"What we found suggests that when created with conventional techniques, these disturbances won't recover in this type of an environment," said researcher Tyler Williams. "Since there is concern as to the density of these disturbances and their impact on the environment, this is a significant finding when it comes to planning future exploration."

To come up with the result, Williams and colleagues studied disturbance from roads, access paths and seismic lines in a peatland 50 km south of Fort Simpson in Canada's Northwest Territories. By altering soil moisture content, the road and seismic-line disturbance caused permafrost thaw, followed by ground-surface subsidence. The subsidence led to the ground becoming wetter and encouraged more permafrost thaw. The result was water-logged linear disturbances where the permafrost did not regenerate.

"As long as the disturbances remain wet, summer thaw exceeds winter freezing and the black spruce canopy is unable to regrow, altering the land-cover type and creating a wetland environment that is more typical of bogs or fens," wrote the team in Environmental Research Letters (ERL).

The researchers measured snow depth, snow-water equivalent, frost-table depth, soil moisture and water-table depth, in what Williams said was a field-intensive study. "Such an approach seemed like a good fit for a master's degree where I can be sent out to live in a tent for three months in the middle of nowhere and go around spending most of my day sticking a metal rod in the ground until I hit ice."

Studies of disturbances on continuous, rather than discontinuous, permafrost have also found that soil moisture is important for thaw. In such cases, however, the active permafrost layer tends to increase temporarily before recovering. "Instead of a thickening active layer we've shown it is possible to lose permafrost entirely," said Williams.

In future the researchers recommend the use of low-impact techniques that can minimize ground surface disturbance by eliminating windrows – woody debris piled up along the edges of ground that is cleared for seismic exploration. Route planning should avoid areas of permafrost where possible, they said, particularly large permafrost plateaus that provide a greater supply of water to the disturbance, or should use pre-existing disturbances. Exploration should only take place when the ground is frozen and there is enough snow cover to protect the surface, while a narrow disturbance and selective, rather than comprehensive, removal of trees would be likely to minimize soil moisture increases near the surface because of reduced evapotranspiration.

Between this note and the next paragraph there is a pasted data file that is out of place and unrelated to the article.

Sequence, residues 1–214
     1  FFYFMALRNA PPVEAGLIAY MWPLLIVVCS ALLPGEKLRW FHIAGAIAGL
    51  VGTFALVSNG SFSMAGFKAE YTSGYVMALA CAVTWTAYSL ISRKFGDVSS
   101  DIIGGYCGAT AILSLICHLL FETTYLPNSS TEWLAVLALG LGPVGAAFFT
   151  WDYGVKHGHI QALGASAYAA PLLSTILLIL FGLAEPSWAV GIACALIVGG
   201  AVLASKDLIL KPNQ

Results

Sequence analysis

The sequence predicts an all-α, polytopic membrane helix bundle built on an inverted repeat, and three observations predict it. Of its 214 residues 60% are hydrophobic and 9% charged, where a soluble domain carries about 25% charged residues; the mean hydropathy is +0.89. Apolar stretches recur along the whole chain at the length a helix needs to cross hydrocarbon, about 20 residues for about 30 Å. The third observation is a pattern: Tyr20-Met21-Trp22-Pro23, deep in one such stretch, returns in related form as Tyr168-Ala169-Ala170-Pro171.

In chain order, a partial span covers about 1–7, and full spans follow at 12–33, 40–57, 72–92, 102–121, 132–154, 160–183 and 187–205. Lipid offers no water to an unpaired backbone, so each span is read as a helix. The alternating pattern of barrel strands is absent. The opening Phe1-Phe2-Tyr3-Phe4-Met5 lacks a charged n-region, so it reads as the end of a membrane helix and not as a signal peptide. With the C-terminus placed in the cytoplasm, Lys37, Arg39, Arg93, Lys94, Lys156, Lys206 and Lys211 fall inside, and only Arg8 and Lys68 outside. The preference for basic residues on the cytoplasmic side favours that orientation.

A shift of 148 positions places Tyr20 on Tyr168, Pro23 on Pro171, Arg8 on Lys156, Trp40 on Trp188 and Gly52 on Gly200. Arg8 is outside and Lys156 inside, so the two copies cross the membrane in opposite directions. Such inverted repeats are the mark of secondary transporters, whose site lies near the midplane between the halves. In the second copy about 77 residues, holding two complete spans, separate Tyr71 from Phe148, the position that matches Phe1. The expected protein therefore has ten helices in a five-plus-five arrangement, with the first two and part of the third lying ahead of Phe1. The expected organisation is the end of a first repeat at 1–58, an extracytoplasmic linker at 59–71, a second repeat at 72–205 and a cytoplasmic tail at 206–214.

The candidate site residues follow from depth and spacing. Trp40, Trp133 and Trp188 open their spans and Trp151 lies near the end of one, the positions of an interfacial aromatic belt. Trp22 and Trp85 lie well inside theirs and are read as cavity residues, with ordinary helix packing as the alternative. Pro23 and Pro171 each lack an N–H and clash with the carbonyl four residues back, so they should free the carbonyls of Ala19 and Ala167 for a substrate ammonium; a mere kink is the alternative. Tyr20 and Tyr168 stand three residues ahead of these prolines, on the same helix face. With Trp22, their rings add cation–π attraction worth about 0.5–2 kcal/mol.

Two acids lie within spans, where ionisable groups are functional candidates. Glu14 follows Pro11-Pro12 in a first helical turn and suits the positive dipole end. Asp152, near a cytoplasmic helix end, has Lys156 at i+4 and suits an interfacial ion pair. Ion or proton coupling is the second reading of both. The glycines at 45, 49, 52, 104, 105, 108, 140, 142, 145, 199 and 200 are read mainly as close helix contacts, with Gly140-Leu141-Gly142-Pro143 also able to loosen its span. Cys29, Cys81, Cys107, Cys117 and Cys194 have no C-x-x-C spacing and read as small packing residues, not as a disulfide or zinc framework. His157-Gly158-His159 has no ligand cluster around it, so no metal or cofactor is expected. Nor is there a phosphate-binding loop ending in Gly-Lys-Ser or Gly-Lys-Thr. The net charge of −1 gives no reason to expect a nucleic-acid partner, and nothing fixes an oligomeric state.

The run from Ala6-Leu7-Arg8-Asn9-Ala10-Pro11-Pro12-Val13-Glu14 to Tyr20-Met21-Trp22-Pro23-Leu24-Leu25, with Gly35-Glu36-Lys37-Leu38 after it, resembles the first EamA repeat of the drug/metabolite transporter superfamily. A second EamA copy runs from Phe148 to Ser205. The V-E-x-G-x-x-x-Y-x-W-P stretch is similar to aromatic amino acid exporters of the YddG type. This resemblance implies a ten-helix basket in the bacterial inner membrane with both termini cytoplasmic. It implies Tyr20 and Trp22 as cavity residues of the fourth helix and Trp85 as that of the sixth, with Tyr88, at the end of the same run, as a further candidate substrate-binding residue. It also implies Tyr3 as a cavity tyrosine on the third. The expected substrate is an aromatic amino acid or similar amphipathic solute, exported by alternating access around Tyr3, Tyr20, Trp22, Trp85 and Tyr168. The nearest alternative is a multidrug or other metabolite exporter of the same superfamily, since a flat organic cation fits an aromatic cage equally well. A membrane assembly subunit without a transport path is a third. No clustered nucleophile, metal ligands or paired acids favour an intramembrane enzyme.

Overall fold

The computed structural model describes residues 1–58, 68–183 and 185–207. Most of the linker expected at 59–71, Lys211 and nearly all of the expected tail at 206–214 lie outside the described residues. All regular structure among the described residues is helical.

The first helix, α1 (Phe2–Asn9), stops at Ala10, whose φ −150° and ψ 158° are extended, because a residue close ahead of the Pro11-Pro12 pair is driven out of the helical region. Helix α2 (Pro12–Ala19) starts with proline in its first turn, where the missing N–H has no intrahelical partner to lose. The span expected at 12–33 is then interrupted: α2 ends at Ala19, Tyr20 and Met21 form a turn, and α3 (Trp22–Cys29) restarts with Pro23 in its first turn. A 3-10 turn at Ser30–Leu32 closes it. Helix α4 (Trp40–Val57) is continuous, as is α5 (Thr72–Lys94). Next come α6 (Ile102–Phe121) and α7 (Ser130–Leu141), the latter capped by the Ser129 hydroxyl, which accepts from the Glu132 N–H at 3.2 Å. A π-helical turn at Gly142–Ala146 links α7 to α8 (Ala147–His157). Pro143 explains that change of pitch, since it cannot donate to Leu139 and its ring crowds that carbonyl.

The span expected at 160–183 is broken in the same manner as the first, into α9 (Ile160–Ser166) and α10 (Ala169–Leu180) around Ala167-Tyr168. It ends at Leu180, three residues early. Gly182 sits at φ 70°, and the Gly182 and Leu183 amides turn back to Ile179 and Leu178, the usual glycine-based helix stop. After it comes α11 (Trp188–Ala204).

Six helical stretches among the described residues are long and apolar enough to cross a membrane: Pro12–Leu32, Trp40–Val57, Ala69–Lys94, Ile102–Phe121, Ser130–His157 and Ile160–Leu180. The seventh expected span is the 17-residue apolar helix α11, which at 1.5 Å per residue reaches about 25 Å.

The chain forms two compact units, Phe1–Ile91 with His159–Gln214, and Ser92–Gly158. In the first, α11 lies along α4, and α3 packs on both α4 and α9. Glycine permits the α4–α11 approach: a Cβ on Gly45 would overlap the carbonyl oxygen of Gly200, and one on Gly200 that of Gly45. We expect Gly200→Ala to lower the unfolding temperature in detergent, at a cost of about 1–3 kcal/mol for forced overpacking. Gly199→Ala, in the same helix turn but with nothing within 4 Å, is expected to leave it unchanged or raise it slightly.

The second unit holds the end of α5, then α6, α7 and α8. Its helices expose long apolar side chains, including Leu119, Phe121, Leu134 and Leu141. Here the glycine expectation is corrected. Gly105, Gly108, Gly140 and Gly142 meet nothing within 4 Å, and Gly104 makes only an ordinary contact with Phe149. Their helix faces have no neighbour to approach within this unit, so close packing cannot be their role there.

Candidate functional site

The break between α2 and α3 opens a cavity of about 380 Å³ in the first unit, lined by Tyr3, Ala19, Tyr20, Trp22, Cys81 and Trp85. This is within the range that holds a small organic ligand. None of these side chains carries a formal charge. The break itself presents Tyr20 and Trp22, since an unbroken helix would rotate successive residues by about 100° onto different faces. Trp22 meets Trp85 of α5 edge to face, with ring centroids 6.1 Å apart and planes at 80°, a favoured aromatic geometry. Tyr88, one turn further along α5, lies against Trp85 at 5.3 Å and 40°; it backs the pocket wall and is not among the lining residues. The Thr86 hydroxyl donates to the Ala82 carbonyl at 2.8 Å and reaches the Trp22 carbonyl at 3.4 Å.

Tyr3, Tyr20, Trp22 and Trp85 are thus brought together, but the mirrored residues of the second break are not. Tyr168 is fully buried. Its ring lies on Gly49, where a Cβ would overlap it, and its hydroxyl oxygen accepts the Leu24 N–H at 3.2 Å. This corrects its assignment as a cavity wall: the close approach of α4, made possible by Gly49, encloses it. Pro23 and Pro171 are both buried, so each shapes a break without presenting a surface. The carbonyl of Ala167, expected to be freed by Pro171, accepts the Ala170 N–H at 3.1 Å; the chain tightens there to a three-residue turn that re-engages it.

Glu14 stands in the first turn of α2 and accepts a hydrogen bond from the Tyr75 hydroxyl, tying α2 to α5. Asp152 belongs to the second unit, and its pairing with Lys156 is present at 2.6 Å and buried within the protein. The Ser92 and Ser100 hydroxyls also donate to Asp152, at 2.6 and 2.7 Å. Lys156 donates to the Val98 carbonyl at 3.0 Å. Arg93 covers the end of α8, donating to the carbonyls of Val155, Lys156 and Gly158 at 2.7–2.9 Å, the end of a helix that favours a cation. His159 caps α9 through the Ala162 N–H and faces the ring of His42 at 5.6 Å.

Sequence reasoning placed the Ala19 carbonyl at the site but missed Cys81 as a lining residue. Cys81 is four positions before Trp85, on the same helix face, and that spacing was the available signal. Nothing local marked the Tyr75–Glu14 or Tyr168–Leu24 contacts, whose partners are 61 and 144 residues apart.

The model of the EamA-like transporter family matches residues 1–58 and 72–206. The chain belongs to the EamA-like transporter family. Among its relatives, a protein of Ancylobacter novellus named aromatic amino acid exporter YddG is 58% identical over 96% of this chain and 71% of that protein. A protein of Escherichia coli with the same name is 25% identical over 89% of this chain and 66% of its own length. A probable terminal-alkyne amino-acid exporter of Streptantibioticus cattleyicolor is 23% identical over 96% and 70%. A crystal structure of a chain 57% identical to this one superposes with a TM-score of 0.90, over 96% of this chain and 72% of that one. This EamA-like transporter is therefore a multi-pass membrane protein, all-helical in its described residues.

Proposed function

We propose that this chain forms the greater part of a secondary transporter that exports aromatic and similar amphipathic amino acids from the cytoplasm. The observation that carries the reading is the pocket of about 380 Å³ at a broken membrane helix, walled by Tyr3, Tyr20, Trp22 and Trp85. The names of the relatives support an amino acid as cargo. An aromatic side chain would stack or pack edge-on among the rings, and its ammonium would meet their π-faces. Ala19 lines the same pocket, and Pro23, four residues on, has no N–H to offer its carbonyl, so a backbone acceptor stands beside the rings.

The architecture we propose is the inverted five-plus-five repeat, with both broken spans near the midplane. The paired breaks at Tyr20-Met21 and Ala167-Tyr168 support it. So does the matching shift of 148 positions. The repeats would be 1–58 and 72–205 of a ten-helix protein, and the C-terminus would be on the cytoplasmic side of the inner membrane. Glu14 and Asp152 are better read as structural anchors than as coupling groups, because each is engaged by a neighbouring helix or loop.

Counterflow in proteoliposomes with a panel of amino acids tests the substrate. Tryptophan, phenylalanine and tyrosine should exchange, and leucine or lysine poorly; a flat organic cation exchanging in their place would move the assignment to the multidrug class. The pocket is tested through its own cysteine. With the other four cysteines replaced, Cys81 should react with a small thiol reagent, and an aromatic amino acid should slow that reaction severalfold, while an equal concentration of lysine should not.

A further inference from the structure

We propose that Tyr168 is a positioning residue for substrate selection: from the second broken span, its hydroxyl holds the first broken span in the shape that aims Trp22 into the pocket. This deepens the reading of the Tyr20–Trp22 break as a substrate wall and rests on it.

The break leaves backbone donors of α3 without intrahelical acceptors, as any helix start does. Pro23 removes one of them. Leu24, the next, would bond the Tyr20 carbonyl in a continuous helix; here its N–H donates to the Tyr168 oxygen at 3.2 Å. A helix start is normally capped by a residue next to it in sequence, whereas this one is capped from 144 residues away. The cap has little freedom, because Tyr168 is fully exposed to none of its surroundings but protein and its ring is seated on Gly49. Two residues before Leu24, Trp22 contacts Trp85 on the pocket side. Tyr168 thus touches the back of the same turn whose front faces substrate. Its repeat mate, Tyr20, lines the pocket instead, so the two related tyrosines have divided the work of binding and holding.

Action could also be taken on brush disposal. "Windrows maintained permafrost directly below the pile of debris; however, they also act as a barrier to drainage that likely contributes to increased soil moisture and permafrost thaw on the opposite side of the disturbance," wrote the team in ERL. "Care should be taken to avoid changes in the surface topography, but if windrows are used, they should be restricted to the upslope side of the disturbance whenever possible."

Williams expects that these findings will be incorporated into best-management practices for resource exploration through a collaboration with Aboriginal Affairs and the government agency Northern Development Canada. Low-impact seismic strategies are commonplace in Alberta and northern British Columbia, the researchers said, but are not widely used in the Northwestern Territories.

The study was reported in Environmental Research Letters (ERL).

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